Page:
Ok, so are things becoming any clearer? not really… I guess the reason I am struggling with this concept is this – okay, in certain situations I may have failed to respect ‘given’ boundaries, but these were not ‘laid’ out for me as ‘boundaries’; so how do you know when you have crossed the line if you don’t know where the line is? also, how does this convert from crossing a boundary to you not having respect for ANY boundary???
Time for further clarification, reading is usually the best way for me to gain a better understanding of things…
First, I look at a couple of sources online, Wikipedia ‘personal boundaries‘ as I presume the implication is that it is ‘personal’ boundaries not ‘physical’ boundaries that people are referring to. This provides a definition:
‘Personal Boundaries are guidelines, rules or limits that a person creates to identify for him or herself what are reasonable, safe and permissible ways for other people to behave around him or her and how he or she will respond when someone steps outside those limits.’
It goes on to explain the 4 types of boundary (Soft, Spongy, Rigid & Flexible) and how Narcissts do not recognize boundaries (hmm, a ‘different’ mental health label…) before discussing rebuilding boundaries. Still not enough for me to really understand…
And actually, ‘physical’ boundaries may be just as important as they are a type of ‘personal boundary’ as you can see from the following definitions of the ‘3 types of personal boundaries’:
~ Physical boundaries help us determine who may touch us and under what circumstances.
~ Mental boundaries give us the freedom to have our own thoughts and opinions, beliefs, emotion and intuition.
~ Emotional/Spiritual boundaries help us deal with our own emotions and disengage from the harmful, manipulative emotions of others and relate to our self-esteem and sense of identity.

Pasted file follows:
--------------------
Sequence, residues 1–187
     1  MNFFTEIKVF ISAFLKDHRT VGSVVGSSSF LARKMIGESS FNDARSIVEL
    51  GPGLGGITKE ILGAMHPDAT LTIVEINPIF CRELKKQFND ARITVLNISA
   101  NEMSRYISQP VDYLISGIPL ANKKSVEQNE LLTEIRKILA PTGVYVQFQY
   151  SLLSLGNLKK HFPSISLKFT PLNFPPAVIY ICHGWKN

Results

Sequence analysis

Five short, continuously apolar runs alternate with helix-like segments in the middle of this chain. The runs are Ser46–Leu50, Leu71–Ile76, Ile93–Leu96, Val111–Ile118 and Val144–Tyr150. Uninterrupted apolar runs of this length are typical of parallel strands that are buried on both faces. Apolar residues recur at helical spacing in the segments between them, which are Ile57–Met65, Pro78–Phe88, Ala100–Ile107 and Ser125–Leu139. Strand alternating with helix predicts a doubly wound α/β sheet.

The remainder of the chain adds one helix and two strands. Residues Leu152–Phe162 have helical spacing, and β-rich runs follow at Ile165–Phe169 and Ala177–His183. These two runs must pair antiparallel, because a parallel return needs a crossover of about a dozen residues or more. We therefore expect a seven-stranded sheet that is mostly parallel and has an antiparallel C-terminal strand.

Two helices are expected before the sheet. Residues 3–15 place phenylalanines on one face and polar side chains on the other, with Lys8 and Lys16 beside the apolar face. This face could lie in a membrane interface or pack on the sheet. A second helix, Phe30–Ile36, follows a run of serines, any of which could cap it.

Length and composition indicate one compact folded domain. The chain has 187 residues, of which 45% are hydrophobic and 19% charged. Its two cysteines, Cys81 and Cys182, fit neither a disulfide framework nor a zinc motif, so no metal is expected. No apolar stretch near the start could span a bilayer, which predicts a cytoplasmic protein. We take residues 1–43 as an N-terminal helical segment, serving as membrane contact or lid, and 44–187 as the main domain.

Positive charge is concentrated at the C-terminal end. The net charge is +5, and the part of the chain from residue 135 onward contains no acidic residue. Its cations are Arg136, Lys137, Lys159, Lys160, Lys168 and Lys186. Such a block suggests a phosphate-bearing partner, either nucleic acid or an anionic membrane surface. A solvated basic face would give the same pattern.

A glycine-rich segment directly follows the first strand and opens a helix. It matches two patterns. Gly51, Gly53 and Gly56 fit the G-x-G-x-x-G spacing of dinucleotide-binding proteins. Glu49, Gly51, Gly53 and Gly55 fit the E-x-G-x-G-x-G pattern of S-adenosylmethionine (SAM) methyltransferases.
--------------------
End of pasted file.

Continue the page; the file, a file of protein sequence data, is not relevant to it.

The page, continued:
Boundaries and Borderline Personality Disorder
I then searched for ‘Boundaries and Borderline Personality Disorder‘ to specifically address how the issue relates to borderlines…
What I came up with rather than explanations of boundaries was guides for non-bp’s in setting boundaries for the BP in their lives. Helpful? Yes, actually, surprisingly so. I thought I needed to know ‘what’ a boundary was and how/if I don’t respect these but reading about how non-bp’s should set boundaries was actually more useful than textbook definitions of boundaries. I guess it’s because it is more about application in a real world context that ‘fits’ my own dilemmas…?
In ‘The Borderline Dance & the non-borderlines’ dilemma‘ the importance of setting boundaries for your BPD loved one is explained as being an issue of survival. The non-bp needs to decide what their personal limits are with regards to the BP’s behaviour, what they will and won’t tolerate and how they will communicate these ‘boundaries to the BP, along with the way they will deal with attempts to cross these boundaries. It stresses the importance of speaking only of your (the non-bp’s) experience NOT the behaviour of the BP, I interpret this (as it does not explain) as being about explaining why these boundaries are important to you and how it hurts you if they are not respected rather than coming across as a ‘dressing’ down of the BP, treating them like a child or making them feel bad if you put it across in terms that basically scream at the BP “I don’t like your behaviour; you are a bad person; you must not do these things or else!” which is quite easily the way a BP could take it, and even if you are really careful how you put it across you still won’t be able to control the reactions of the BP (which may well be as if you had said it in this mean way, even if you didn’t) because they (we) can’t control our own reactions to what ultimately will feel like ‘bad’ news to us. The post goes on to explain that conflict (or abuse) may ensue from the setting of boundaries and how the non-bp must then consider the ‘future’ of their relationship with the BP – I would like to point out that whilst clearly you don’t want to back-track or relax your boundaries because a BP is distressed by them relationships are about two-way communication, co-operation, compromise and respect, so take time to work together with your BP if they appear uncooperative about your boundaries as it’s not fair to abandon us just because we don’t have the same emotionally capability as you – sometimes we just need extra time to process and understand things before we can accept them…